From: Rep. Rohrabacher
Posted: Tuesday, April 30, 2002
Title: To authorize the Board of Regents of the Smithsonian Institution to establish an awards program in honor of Charles "Pete" Conrad, astronaut and space scientist, for recognizing the discoveries made by amateur astronomers of asteroids with near-Earth orbit trajectories.
PETE CONRAD AWARDS BILL -- (House of Representatives - April 25, 2002) [Page: H1669] GPO's PDF
Mr. ROHRABACHER. Mr. Speaker, today I am introducing the Charles Pete Conrad Astronomy Award Act. This act is intended to encourage amateur astronomers to discover new and attract previously identified asteroids and other heavenly bodies, particularly those that threaten a close approach to the Earth. This act is named after the legendary pilot, astronomer and space entrepreneur, Pete Conrad, who I was honored to know. He was a constituent of mine as well. Unfortunately, he passed away after a tragic motorcycle accident just last year. Charles Pete Conrad made history and today in his honor and in his memory I am introducing a bill that could help protect the United States of America and, yes, the entire world.
Pete Conrad more than anything else was a patriot who loved his country and felt that space would provide peace and prosperity for all of human kind. This act contains three categories of awards.
The first category is an award for the amateur astronomer who discovers the largest asteroid crossing in near-Earth orbit.
The second category, an award to an amateur astronomer for discovering asteroids using information derived from professional sources and locating newly discovered asteroids.
The third category, an award for those who provide the greatest service to update Minor Planet Center's catalog of known asteroids.
Let me just state that for those people who believe that there is no threat and that we live in a world today where those movies that talked about asteroids colliding with the world and the threat that it posed, that that is all science fiction, I have got bad news for them. It is not science fiction.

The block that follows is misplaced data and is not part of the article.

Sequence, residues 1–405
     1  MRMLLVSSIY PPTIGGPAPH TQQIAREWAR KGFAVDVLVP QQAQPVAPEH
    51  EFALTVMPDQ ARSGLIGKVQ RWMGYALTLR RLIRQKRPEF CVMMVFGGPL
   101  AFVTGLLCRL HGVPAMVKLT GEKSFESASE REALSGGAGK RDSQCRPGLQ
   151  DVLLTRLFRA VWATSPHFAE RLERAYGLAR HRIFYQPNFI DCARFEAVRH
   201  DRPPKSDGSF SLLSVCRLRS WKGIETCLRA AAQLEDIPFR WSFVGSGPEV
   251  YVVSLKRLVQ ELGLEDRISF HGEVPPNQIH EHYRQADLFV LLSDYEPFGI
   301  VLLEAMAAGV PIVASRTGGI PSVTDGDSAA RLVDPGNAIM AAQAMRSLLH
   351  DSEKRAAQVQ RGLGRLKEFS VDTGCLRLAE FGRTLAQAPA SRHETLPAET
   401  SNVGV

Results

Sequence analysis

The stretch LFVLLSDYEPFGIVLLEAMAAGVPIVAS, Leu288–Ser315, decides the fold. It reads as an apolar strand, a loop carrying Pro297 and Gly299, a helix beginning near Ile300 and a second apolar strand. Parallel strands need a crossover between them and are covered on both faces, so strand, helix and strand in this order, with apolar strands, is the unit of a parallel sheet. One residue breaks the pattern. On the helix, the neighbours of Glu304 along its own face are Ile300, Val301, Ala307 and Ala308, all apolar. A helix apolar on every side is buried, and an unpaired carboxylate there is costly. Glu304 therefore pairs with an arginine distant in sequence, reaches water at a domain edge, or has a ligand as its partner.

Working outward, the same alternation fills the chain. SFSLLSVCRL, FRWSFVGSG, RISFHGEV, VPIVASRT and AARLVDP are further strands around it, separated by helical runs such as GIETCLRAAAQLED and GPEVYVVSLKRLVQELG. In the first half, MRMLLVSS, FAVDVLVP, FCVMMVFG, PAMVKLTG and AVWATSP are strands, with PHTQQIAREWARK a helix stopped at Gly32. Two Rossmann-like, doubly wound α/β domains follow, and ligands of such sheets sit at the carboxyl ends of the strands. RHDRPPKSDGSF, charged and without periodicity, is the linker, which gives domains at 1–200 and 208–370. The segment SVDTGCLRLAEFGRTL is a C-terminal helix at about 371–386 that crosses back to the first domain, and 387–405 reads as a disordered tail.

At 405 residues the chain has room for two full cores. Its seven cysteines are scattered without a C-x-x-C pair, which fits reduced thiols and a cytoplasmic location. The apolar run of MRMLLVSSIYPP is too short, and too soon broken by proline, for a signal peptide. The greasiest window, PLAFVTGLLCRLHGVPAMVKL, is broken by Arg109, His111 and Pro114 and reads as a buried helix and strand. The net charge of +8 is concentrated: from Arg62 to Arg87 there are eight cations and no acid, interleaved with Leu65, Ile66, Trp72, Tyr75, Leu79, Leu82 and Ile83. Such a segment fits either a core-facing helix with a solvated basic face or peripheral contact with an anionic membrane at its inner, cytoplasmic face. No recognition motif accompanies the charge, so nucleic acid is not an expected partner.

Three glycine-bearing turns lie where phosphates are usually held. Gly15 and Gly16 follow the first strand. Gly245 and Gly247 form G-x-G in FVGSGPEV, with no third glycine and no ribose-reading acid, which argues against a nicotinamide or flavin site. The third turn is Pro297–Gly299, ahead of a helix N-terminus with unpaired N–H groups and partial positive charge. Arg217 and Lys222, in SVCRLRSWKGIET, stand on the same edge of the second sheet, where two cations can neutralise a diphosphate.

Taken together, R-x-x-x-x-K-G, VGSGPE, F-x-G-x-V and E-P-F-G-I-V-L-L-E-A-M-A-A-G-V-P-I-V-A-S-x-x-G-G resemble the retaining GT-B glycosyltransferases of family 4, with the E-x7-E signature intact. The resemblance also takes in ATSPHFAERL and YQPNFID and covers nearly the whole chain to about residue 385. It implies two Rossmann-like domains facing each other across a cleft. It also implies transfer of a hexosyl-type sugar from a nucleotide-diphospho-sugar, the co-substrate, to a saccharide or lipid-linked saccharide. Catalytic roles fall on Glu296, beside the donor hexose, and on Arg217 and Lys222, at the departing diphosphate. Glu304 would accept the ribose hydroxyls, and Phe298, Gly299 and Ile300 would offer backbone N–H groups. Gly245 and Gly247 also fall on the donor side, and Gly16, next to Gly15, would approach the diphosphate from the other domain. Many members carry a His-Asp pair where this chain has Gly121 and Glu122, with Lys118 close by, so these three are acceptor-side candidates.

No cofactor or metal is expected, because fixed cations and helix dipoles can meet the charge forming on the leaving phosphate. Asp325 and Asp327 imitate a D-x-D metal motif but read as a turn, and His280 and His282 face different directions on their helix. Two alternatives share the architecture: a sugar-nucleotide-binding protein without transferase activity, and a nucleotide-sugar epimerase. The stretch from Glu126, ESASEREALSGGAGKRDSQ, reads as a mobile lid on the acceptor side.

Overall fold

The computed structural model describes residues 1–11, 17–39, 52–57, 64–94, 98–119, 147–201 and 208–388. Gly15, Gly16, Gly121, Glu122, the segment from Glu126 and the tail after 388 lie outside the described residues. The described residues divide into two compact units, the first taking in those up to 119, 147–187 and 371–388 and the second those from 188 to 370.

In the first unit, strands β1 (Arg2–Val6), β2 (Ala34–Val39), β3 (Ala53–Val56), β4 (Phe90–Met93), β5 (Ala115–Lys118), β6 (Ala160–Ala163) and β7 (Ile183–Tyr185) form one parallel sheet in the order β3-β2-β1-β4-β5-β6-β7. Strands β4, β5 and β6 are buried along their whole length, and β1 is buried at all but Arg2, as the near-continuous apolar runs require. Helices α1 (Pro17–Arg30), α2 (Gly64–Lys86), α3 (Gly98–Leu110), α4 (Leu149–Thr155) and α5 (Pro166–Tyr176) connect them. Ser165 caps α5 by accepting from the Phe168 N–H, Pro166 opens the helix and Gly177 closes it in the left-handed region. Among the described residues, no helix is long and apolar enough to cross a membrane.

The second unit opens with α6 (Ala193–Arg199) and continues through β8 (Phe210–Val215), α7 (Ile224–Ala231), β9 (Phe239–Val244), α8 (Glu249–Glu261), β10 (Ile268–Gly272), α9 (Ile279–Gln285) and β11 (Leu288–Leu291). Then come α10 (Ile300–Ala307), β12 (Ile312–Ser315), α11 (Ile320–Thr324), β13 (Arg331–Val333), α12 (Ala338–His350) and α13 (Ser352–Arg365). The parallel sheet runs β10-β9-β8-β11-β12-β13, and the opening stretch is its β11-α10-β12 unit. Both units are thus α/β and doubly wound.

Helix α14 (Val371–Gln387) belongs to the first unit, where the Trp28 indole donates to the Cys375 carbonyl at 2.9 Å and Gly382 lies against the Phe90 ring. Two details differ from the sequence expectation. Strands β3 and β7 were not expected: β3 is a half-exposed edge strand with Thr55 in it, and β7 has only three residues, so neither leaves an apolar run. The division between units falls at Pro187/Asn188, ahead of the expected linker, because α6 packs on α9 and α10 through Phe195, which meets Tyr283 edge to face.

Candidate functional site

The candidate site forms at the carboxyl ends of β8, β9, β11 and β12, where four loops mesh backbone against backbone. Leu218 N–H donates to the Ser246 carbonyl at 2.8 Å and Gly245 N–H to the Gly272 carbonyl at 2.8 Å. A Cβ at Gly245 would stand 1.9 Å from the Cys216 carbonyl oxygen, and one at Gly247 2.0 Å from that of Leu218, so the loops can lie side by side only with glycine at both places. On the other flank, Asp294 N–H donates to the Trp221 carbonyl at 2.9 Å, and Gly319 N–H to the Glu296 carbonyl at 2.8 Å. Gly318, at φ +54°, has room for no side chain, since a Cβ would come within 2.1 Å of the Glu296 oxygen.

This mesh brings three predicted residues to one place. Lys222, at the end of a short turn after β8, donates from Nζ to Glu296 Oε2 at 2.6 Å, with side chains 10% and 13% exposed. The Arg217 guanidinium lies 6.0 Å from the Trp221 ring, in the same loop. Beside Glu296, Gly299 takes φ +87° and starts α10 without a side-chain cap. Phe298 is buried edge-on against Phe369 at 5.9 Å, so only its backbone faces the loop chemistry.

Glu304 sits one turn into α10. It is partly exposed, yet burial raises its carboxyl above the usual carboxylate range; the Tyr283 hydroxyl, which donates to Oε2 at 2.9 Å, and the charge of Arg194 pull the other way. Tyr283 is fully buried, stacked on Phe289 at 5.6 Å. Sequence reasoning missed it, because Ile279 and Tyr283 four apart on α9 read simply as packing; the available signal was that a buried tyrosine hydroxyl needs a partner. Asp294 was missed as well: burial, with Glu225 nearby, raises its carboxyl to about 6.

There are numerous examples of asteroids and comets in the last few years that have come very near to the world and not been undetected until the last minute or even after they pass by the world. One of them was coming in from the Sun and was not seen until after it passed the Earth's orbit.
If any of these asteroids or comets would have hit the Earth, it would have been a catastrophic occasion, perhaps killing hundreds of millions of people. Perhaps in one case in the past, millions of years ago, that is perhaps what eliminated the dinosaur life on our planet.
The following is a list of examples of recently observed asteroids:
* An asteroid about 300 meters in size crossed a near-Earth orbit about 500,000 miles from our planet in October of last year.
* An asteroid about the size of three football fields made its closest approach to the Earth (roughly the same distance: twice the Moon's distance from the Earth) on January 7, 2002.